Yesterday, I visited with the refugee family I volunteer with and they said to me, they have enough, that they do not need.  How can a family who uprooted themselves with nothing, need nothing?  I am floored by the fact, I want to go to the store to buy paper towels and Woolite and she needs nothing.  She said she needs nothing for her kids and she needs nothing.  How can she not want or need?  Is it an American custom to want vs. need?

I feel really sad too as I recently learned the news of my friend, Don.  He has lost his battle with cancer and has moved to hospice care.  After a semester of practicing difficult conversations, I find it challenging to write the right words to him.  There are no right words to express my sorrow and emptiness of a life soon to be gone.  (For those of you reading, and also know Don – you can call or text him, or send letters to his home – no email.)  I know he’s not reading my blog anymore as he does not have internet but I am writing to the universe – I am thinking of him with all my strength and courage.  I hope he is surrounded by all that he loves, all that brings him joy, and each day his needs & wants are met.

A step back is a step forward


As Duke students we are competitive and strive for perfection.  Sometimes, we do not achieve these lofty goals but it isn’t talked about and imperfection is not seen or heard.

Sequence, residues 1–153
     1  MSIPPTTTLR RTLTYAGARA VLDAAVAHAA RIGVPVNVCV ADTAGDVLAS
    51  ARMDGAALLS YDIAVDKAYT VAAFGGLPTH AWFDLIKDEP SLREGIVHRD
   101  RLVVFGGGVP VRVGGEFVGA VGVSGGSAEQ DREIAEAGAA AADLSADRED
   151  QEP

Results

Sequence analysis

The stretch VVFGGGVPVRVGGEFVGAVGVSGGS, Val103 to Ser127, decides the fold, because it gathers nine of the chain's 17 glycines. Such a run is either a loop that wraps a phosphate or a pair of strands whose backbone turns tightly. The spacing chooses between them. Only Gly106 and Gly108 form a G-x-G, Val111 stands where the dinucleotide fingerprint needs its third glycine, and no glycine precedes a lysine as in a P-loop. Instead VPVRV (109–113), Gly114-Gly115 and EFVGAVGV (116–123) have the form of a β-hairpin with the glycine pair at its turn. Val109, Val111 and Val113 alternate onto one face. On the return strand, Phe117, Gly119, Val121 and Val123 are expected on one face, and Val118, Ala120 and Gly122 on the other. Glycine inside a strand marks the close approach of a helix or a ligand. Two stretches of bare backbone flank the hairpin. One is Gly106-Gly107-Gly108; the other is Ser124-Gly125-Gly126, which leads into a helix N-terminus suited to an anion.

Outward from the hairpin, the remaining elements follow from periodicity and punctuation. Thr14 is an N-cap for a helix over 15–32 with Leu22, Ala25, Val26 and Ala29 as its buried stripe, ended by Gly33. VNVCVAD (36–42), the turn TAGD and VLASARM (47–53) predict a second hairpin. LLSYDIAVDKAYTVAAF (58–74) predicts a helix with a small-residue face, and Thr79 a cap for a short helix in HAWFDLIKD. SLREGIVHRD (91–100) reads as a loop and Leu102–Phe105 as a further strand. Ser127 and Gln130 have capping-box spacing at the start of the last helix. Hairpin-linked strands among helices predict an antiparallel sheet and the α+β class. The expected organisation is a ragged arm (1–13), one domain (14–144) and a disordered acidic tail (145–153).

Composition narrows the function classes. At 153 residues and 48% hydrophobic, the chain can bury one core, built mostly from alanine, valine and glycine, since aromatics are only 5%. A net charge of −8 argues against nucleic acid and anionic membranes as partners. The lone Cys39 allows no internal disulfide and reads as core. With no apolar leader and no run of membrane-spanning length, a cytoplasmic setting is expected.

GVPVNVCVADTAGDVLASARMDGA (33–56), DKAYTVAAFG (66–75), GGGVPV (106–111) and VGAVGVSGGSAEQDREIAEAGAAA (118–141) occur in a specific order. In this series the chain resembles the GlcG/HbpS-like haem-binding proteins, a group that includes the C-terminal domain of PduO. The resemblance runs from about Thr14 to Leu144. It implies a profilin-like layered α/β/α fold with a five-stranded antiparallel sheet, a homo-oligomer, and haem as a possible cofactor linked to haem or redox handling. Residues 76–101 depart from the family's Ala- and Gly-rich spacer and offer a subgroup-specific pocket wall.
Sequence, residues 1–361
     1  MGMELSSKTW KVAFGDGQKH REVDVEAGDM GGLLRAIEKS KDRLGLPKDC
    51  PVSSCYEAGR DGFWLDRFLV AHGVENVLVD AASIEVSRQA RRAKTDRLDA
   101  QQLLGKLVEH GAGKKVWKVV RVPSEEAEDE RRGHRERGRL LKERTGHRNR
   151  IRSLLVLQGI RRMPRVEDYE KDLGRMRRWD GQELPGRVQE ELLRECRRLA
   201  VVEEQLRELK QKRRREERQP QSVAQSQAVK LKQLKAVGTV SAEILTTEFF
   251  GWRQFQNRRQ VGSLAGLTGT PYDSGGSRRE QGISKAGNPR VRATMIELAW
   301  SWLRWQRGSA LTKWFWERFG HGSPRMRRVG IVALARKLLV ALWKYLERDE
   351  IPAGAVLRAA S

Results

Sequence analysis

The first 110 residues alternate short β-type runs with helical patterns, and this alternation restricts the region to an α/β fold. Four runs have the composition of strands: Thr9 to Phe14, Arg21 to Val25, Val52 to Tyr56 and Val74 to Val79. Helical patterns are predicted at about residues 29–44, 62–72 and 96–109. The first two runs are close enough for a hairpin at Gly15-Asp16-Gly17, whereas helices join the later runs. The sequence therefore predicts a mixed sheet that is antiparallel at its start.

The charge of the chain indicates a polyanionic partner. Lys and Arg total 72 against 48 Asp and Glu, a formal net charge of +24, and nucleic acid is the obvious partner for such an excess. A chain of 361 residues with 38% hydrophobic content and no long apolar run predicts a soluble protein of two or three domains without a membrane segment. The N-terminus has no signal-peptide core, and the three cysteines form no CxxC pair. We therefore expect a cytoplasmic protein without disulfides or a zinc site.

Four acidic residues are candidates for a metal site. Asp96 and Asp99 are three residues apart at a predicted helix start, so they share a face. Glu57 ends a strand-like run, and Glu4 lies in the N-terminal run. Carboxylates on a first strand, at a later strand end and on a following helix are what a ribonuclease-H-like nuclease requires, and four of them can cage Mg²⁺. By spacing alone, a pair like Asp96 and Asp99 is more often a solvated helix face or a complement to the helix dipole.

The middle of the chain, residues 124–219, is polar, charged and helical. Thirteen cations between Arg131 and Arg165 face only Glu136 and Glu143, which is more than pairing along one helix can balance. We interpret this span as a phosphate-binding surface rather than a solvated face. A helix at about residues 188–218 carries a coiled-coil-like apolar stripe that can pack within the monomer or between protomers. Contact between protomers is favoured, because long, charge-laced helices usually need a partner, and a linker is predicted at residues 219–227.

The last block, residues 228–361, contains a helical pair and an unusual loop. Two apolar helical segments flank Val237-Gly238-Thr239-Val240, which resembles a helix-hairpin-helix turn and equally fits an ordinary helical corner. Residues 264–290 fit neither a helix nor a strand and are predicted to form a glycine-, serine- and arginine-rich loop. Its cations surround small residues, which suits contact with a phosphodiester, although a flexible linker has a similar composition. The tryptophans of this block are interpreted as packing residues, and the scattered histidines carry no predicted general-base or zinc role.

A few weeks ago, before the end of the semester, I had what would be later known as a panic attack.  I arrived to the hospital, a regular day at clinic, however, my heart was beating incredibly fast, so much that it hurt my chest.  I felt slightly nausea, and I had shortness of breath.  Imagine, sprinting at full speed, but you are standing still.   I tried my best to slow my breathing, but after 30 minutes, I asked my clinical instructor what I should do, and she promptly walked me down to the Emergency Room.  I didn’t want to go, and if left to my own means I would have just sat it out.  She was concerned that it had already been 30 minutes and I might have a heart problem.

In the ED, I was triaged, with an electrocardiogram (EKG) machine with 10 leads to check for electrical impulses at different areas of your heart.  The EKG checks for common heart problems and the results were normal.  My blood pressure was also within normal range, but my heart was still racing.